DUP boycott of North-South bodies puts £1bn peace funding ‘at risk’

Sinn Féin claims money for reconciliation projects ‘in jeopardy’ without ministerial council

Peace and reconciliation funding worth almost £1 billion is being put at risk by the DUP boycott of North-South political structures, Sinn Féin has claimed.

The party said the money earmarked for the Peace Plus programme can only be released once formal sign-off has been given by the North-South Ministerial Council.

The DUP last week announced an immediate withdrawal from the council and other cross-Border bodies in protest against Northern Ireland protocol in the Brexit agreement. The protocol avoids a hard border on the island of Ireland by placing the customs and regulatory barrier between the EU and the UK in the Irish Sea.

The DUP, which has also threatened to collapse Stormont if changes to the protocol are not secured, said it would only continue to co-operate on a North-South basis in relation to health issues.


The UK government and EU both contribute to the Peace Plus programme, which supports projects in Northern Ireland and Border counties in the Republic.

The Irish Government and Stormont Executive are also involved with the funding initiative, which will see about £1 billion invested over the next seven years.

The funding is administered by North-South implementation body the Special EU Programmes Body (SEUPB).

The ministerial council cannot function without DUP participation.

Sinn Féin Minister of Finance Conor Murphy said if the council did not sign off on the Peace Plus funding then it could not be released.

“If there is an interference in the working of the North-South Ministerial Council that funding will not be made available at the end of the year,” he said.

“It is time-bound over seven years and each year if the approved amount of money is not spent then it is returned.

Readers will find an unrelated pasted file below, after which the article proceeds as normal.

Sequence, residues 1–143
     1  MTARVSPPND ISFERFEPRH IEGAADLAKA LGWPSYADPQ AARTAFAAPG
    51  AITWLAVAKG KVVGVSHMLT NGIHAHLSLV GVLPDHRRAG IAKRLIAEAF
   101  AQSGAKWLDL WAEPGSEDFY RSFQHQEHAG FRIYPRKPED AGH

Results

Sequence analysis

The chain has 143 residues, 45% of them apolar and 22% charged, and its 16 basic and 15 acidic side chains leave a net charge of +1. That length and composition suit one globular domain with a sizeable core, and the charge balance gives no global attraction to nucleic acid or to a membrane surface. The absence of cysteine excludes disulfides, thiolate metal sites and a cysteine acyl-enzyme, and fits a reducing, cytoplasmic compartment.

“So any attempt to interfere in the workings of the North-South Ministerial Council will have a profound effect on a lot of community and voluntary groups, rural groups and groups that are trying to create employment, groups that are trying to invest in their own areas.

“So all of this will be placed in a significant jeopardy. If we cannot get approval at the North-South Ministerial Council, then we can’t advance the programme.”

Mr Murphy said the intent was to use the programme money to place a particular focus on supporting groups working on both sides of remaining peace walls in Northern Ireland.

“The DUP should really think through the consequences of the actions they purport to take before they embark on them,” he said.

“It is in real jeopardy. If we are not able to get sign-off at a North-South Ministerial Council in October then there is a huge jeopardy over the ability of that programme to go forward.”

The issue was raised at a meeting of the Executive Office committee at Stormont on Wednesday by Sinn Féin MLA Pat Sheehan. He said the funding had been "jeopardised by the arrogance of the DUP".

Fellow committee member Diane Dodds of the DUP rejected the suggestion the funding was at risk.

She later accused Sinn Féin of “scaremongering” and talking “nonsense”.

Mrs Dodds said when powersharing was down for three years between 2017 and 2020 there had been no disruption to similar funding programmes.

She also pointed to research from Ulster University claiming that the Northern Ireland protocol had cost the North £850 million so far.

“Getting the protocol scrapped should be Sinn Féin’s priority rather than spinning nonsense,” she said.

“The protocol is polluting all our politics. It’s time to fix the problem.” – PA